As we near the end of the year, our team reflected on the changes seen in SEO, and put together the following recap of those with the biggest impact so far:
This year, the vastness of the Internet has reminded us that it still is, after all, a small world. Local search results and ad listings have risen in importance to searchers, thanks in large part to the development of smart phones and other platforms with fully-functional browsers and strong, accessible wireless connections. The major search engines have responded by launching tools and programs that explicitly promote local businesses and services: standouts include Google’s Places, Facebook Places, Localeze, Info USA, and Acxion. Less obvious but no less important has been a noticeable change in algorithms that favor local results and ads over others, based on a user’s IP address, language settings, and past history. Truly, 2010 was a big year for local, and as the Internet continues to become increasingly integrated into everyday life, it is almost a certainty that we will see this local trend continue in 2011.
“SEO is dead.” Google Instant makes SEO irrelevant. Google Instant makes SEO dead-on relevant. These are just some of the headlines that created a stir in the SEO community when Google Instant was launched on September 8, 2010. The new search enhancement tool shows results as you enter a query, allowing users to find the information they need much faster than ever before. Two months later the company launched Google Instant Previews, just another step on its never-ending quest towards instant search. This tool provides searchers with a snapshot of each website on the Google results page. Both Google Instant and Google Instant Previews will impact SEO but exactly how is still up for debate. We look forward to finding out more about the effects of these tools in the New Year.
YouTube isn’t exactly “traditional” in terms of search, but it is the second most used search engine behind Google. This is pretty convenient for Google, as they own YouTube. Video Search Engine Optimization continues to become more important as more users realize they can use YouTube as a source of useful and/or tutorial information. For some industries, it’s easier to rank well on the SERP with an online video strategy. Video SEO offers potential benefits for branding, and the competition for search results when compared to organic listings are typically much lower.
As well as some of our expectations for SEO in 2011:
Facebook Search Engine
The debate began earlier in 2010, but there are still players on both sides of the table taking sides – will Facebook roll out their own search engine that will take Google head on? Will it happen in 2011? Our prediction is that Facebook is going to continue to become a larger player and will continue to refine its integration with search in the coming year. Will it take over Google? Probably not in 2011 but it is something to keep a close eye on.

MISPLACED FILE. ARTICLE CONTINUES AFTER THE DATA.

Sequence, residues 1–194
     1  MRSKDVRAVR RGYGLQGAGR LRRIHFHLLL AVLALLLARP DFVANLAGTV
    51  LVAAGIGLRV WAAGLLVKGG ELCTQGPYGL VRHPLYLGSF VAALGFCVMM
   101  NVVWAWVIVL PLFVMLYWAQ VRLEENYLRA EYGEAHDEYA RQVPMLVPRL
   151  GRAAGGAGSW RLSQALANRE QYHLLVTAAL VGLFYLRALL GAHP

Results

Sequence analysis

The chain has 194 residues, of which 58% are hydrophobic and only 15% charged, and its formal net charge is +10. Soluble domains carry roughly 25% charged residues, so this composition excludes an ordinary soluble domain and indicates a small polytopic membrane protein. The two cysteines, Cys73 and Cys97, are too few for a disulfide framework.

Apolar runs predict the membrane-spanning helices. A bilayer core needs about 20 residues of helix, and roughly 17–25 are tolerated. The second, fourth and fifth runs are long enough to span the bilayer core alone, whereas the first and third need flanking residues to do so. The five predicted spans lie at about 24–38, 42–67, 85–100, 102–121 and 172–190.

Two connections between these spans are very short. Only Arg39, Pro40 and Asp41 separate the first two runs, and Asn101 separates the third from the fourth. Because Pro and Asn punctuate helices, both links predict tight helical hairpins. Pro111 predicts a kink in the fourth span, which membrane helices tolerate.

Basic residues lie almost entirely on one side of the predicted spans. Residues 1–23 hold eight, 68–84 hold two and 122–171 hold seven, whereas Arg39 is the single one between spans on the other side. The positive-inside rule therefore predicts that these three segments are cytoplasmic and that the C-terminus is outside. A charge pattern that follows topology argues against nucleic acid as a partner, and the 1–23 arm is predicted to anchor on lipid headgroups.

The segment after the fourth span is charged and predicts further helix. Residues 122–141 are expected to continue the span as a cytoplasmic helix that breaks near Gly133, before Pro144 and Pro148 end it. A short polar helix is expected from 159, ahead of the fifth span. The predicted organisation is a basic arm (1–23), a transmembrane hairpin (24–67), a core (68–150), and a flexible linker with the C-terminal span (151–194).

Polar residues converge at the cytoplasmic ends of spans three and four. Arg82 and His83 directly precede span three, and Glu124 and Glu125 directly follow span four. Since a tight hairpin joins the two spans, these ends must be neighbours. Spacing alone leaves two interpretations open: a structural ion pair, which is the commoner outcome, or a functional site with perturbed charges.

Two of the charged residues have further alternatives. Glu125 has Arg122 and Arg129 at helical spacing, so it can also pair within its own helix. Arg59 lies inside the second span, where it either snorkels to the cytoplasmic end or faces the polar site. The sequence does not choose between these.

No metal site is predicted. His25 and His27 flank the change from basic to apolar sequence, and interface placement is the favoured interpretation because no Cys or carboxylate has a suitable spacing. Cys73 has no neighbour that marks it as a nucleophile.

Google attempted to make search even faster and easier with the creation of Google Goggles. Instead of typing or speaking your search, you can simply take pictures of objects you’d like more information about. Currently, Google Goggles works well for landmarks, works of art, logos, contact information, products, barcodes and QR codes. Since text falls into this category, for example, if you are in another country and don’t know the language you can take a picture of an object and Google Goggles will translate the words or symbols for you. This cutting edge visual search application is currently only available for iPhone 3GS and iPhone 4 devices through the Google Mobile App, as well as Android devices that are running Android 1.6 and above. This visual search app is bound to be a valuable resource once the final kinks are worked out.
Social and Search Becoming One
Location, Location, Location … and don’t forget location. Who doesn’t love a great local deal? Sure, Foursquare and Gowalla had their time in the spotlight in 2010, but localized marketing deals will go the way of Groupon and Facebook in 2011 (and of course, don’t forget about Living Social, which was recently funded by Amazon). Groupon will be the big winner in 2011, and we’re excited to see how the recently unveiled merchant store will stimulate their growth.
Location based technologies, such as Facebook Places and Google Hotpot (Google’s Yelp), will also be interesting to watch as marketers harness the power in local mobile apps. Facebook Places will expand in marketing usage and may overwhelm the smaller competitor Foursquare. On the other hand, Google Hotpot is Google’s best chance at entering the social arena right now as Google Places, Google Maps, and the Android allow Google to easily build a niche in the mobile phone consumer market.
In November 2010, the New York Times very publicly questioned Google’s search algorithm and results page after an Internet company used cyber bullying, negative customer reviews, and bad publicity to increase their search ranks. For the company, the negative marketing and SEO tactics seemed to work, but for Google, it was a blemish on their reputation.
In 2011, trust in search will expand to include a searcher’s social graph. A searcher’s social graph will more significantly influence purchasing decisions and will play a powerful part in both search engine and referral visitor traffic. What your friends like on Facebook and Twitter influence are already starting to have influence on search algorithms, but more importantly, the ability for search engines to show real-time referrals and recommendations from friends will help to reinforce trust in the search results.
What were some of your favorite changes in 2010? How do you think SEO will evolve in the coming year? We’d love to hear your thoughts!